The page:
Go fly a kite - at Meadowbrook Farm
October 2, 2008 · Updated 1:18 PM
UPPER VALLEY - Dave Battey is proud to say he has given more than 70 tours of the Meadowbrook Farm.
Battey has taken many trips around the farm, not only as secretary of the Meadowbrook Farm Preservation Association (MFPA), but as the man who used to mow it in order to keep its abundant botany under control.
"Outside of the people who have owned this land, no one knows it better than I do," he said.
He would like to give even more tours, but the interpretive center that was to be the centerpiece of the historic farm, has been delayed. All of the permits were in place but the project got backed up over a 10-inch water main that needed to go from North Bend to the interpretive center. The pipe has yet to be installed and no construction can begin until it is in place.
Building has also been stunted by construction crews moving onto other projects in the meantime. And the MFPA's administrator, Greg Watson, resigned, leaving the association without a constant presence to monitor the project's progress.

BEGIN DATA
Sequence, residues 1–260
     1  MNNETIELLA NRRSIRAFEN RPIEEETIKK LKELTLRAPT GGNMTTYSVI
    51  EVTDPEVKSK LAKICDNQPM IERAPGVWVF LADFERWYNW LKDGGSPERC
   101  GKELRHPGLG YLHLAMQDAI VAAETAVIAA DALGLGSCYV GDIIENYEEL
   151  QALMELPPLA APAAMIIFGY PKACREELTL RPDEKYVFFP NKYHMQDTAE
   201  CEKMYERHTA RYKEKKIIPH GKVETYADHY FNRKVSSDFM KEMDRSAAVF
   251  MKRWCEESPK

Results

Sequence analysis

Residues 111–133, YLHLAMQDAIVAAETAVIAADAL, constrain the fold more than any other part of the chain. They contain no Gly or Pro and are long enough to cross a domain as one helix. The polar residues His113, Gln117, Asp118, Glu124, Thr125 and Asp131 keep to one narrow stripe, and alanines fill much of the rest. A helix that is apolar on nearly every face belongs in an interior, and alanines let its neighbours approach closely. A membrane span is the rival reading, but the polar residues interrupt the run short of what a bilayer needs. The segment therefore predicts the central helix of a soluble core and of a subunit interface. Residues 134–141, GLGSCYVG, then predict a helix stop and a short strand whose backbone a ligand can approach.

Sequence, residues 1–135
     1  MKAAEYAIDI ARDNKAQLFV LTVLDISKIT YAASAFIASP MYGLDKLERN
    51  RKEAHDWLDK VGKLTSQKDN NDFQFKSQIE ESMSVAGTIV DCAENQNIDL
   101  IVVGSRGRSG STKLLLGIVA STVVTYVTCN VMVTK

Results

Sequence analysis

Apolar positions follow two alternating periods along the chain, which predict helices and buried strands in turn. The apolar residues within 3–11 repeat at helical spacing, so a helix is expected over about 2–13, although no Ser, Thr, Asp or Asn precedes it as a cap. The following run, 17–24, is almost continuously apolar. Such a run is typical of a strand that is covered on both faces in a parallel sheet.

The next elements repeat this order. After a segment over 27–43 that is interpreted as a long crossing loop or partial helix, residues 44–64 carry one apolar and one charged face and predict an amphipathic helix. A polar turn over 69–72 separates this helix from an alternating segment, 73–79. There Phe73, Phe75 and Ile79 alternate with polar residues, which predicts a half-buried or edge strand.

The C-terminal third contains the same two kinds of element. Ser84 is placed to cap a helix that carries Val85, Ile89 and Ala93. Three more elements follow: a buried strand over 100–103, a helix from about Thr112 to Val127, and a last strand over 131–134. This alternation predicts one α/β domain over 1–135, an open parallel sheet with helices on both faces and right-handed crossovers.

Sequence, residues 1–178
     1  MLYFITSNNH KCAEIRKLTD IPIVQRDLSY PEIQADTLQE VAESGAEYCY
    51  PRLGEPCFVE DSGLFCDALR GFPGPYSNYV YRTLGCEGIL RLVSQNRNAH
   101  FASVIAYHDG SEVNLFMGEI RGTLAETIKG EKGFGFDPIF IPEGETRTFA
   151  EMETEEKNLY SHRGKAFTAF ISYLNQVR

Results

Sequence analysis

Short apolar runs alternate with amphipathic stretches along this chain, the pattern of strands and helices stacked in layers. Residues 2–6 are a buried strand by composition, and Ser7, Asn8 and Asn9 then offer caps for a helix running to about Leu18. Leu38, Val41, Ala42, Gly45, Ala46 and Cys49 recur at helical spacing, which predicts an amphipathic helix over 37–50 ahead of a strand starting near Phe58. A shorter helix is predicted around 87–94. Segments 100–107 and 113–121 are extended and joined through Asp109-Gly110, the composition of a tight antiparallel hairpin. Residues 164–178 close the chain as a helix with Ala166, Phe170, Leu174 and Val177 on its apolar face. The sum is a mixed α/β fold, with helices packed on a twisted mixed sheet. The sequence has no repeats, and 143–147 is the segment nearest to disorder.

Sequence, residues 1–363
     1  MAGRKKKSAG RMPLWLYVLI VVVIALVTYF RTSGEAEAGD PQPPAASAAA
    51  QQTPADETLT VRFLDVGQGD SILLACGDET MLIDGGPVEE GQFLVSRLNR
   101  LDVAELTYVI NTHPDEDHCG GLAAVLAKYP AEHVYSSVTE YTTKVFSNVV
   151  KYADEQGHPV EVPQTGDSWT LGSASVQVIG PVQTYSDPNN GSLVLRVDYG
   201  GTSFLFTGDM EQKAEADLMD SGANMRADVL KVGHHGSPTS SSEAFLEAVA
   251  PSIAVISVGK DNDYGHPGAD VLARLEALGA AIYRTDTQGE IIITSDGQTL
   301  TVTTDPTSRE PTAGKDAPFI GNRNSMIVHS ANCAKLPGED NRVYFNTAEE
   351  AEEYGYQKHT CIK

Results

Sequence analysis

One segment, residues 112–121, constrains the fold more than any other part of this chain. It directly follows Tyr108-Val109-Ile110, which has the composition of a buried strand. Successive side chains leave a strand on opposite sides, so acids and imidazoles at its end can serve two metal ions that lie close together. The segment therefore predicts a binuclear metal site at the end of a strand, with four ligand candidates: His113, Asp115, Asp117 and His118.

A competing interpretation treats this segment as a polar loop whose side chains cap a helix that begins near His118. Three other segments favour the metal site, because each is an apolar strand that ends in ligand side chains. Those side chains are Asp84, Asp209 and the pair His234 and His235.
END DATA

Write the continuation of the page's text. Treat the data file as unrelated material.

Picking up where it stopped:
"Things have just been kind of dropped for a couple months here," said Mary Norton, association president.
The interpretive center is an important component of the farm, but it's not the farm's only use. The MFPA would like create a Meadowbrook stop on the Northwest Railway Museum line between North Bend and Snoqualmie.
Possibilities for paths in and out of the farm are endless, and Battey said he would eventually like to see cows or horses able to graze at the farm again.
For the complete story, pick up a copy of this weeks Valley Record